Saturday, July 30, 2016

Broth & Stock

Title:  Broth & Stock from the Nourished Kitchen
Author:  Jennifer McGruther
Publication Information:  Ten Speed Press. 2016. 183 pages.
ISBN:  1607749319 / 978-1607749318

Book Source:  I received this book through the Blogging for Books program free of cost in exchange for an honest review.

Opening Sentence:  "Most days of the week, I keep an enameled cast-iron pot on the back burner of my stove where bones simmer in water to make broth."

Favorite Quote:  "They are foods not only of comfort, but also of frugality and the pressure to waste as little as possible, lest bellies go hungry. In this way, to make broth not only fills the functional role of sating hunger and thirst, but also teaches us a lesson in the values of patience, simplicity, and thrift. There is virtue in the humble soup pot."

A warm bowl of soup has long been the cure for many ills in many household. A bowl of chicken soup to help a cold. A hot mug of broth to warm up the winter. A rich fragrant stock to cook rice. Making broth is a normal part of my cooking life and a centuries old traditions found in almost every culture throughout the world. Broth, particularly the idea of bone broths, is not a new trend, but a cooking staple made popular and made the "in" thing through restaurants, websites, and book such as this one and Brodo: A Bone Broth Cookbook.

This book "out of the box" is beautiful. I love the many pictures and consistency of the photography. The book has many full page images; most of them feature a bowl set upon a wood texture. This consistency creates a unified feel to the entire book. The wood textures emphasizes the homey, rustic feel that a bowl of soup conjures up. The simplicity of the bowls and the photo angles allow the food in the bowls to shine.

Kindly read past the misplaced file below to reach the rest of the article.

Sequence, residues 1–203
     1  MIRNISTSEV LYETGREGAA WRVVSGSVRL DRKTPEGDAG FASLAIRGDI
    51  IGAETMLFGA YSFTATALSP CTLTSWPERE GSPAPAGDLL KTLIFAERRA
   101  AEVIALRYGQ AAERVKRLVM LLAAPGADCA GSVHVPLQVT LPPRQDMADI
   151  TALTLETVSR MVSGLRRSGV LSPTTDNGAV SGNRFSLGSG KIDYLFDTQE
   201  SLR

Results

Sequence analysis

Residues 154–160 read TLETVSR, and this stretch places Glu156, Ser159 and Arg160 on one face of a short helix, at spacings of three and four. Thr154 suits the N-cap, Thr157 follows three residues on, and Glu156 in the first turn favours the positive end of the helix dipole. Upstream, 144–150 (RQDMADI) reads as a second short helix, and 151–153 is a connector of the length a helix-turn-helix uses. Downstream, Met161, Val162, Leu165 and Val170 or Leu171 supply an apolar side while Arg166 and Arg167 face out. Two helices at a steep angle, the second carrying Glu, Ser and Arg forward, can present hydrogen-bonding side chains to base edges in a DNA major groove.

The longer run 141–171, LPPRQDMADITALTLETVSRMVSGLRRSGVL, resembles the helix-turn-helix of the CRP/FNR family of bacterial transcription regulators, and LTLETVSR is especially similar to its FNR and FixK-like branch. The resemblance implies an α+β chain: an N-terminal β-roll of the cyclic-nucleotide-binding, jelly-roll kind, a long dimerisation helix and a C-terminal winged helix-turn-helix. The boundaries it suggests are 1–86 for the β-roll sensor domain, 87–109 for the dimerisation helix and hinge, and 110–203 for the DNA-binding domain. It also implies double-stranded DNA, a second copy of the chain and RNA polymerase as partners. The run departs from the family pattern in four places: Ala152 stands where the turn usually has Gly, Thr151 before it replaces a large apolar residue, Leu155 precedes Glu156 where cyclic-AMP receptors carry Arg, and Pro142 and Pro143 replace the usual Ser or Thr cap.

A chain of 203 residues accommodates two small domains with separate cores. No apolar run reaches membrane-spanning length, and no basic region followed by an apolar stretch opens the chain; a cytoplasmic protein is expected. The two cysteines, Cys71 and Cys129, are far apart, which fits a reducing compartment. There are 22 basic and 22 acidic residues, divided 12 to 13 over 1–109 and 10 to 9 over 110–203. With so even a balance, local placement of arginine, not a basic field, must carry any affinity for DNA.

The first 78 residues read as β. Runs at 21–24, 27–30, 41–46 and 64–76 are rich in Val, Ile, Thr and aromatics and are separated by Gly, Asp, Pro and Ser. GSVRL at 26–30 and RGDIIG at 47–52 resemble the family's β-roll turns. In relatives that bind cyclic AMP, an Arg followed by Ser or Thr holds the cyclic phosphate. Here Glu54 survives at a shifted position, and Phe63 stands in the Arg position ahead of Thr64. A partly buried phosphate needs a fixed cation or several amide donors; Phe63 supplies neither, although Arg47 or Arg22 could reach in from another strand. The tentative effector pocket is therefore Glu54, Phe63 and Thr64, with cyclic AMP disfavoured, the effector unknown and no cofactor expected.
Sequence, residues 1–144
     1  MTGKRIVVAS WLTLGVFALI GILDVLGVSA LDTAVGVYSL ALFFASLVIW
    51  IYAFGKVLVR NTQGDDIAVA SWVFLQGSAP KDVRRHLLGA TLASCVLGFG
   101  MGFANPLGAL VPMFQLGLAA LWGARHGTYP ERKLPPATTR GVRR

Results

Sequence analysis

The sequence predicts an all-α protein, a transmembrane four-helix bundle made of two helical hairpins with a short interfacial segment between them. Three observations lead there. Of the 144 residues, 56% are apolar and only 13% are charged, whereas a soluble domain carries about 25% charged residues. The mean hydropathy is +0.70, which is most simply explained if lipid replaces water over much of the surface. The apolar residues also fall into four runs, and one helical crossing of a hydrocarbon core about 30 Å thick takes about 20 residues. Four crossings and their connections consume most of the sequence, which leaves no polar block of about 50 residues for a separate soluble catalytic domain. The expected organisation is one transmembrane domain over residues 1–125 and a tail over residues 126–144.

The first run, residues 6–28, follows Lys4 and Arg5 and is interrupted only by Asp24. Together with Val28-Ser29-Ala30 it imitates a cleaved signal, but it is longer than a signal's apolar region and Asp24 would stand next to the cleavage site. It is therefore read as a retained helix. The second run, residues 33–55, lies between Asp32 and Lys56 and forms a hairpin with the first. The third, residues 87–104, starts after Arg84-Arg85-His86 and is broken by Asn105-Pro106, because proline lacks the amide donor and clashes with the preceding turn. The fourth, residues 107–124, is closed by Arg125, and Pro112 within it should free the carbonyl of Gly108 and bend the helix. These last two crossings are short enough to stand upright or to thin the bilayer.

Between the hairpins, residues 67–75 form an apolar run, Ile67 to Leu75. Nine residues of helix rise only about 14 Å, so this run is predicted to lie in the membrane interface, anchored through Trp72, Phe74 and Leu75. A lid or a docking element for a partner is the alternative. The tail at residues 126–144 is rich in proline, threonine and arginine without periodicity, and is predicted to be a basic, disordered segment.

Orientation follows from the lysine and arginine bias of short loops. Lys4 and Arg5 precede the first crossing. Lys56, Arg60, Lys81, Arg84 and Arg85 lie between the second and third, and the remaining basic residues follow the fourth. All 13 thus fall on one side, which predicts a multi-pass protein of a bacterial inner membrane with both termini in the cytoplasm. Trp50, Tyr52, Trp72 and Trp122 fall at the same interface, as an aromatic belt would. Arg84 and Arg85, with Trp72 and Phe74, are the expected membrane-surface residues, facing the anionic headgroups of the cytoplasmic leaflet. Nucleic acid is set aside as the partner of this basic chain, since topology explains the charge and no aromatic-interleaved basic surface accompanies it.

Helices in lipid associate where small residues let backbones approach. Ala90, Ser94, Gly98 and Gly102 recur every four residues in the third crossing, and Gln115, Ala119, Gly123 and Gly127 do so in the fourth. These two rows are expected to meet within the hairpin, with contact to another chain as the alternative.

Now the content. What is broth? At its very basic interpretation, it is water given richness, flavor, and dimension by what you choose to add to the water. The possibilities are endless, from kitchen scraps to cuts of meat bought specifically to this purpose. So, why a cookbook? I look for three things. The first is new ingredients and combinations that I have not considered before. The second is techniques by which to improve my cooking. The third is innovative ways in which to use this flavorful base.

This book starts off with about fifteen master broth recipes, covering a variety of bases (chicken, turkey, beef, pork, fish, and a few that can be made with no meat products). The master recipes use very few ingredients or seasonings, allowing the broth to be used further as a ingredient in other recipes. If the intention is to drink the broth as prepared, the cook will have to apply their own flavors to the broth resulting from these master recipes. A concern for me is that most of the master recipes use wine as an ingredient. As someone who neither drinks nor cooks with alcohol, this is an issue. The introduction discusses the use of an acid in broths and suggests wine or vinegar, clearly stating a preference for wine. I do use vinegar in my broths; so, be warned, that vinegar for wine is not a 1:1 substitution. I use a couple of tablespoons of vinegar to a pot of broth; the book unfortunately, does not give the substitution amount for its recipes.

The techniques in the book discuss the same techniques found in other soup references. Broth making is a combination of the ratio of ingredients to water, flavorings, skimming and straining, and the length of time a broth is cooked. Vary these combinations, and the end product changes. The book does go through some of the options and variations and the impact of each. The one idea new to me is the technique to create your own instant stock powder. I have made and frozen stock and broth for future use but never cooked it down to then dehydrate it. It is an intriguing idea, especially if you are short on freezer room.

Beyond the techniques and master recipes, the books includes about "forty recipes using these stocks in complete meals." The only issue is that not all the recipes are based on the broths themselves. Some such as a roast chicken, oxtail stew, and chicken in wine with mushrooms, peas, and herbs use no broth at all. Some such as the broth for infants and the beef tea are in effect recipes for other kinds of broths. Some such as the cream of chicken soup do not not rely on a master recipe but rather incorporate the broth making process into the recipe itself. While the photographs look tempting, the grouping of recipes and the entire book itself does not follow what it sets out to deliver.

Please share your thoughts and leave a comment. I would love to "talk" to you.

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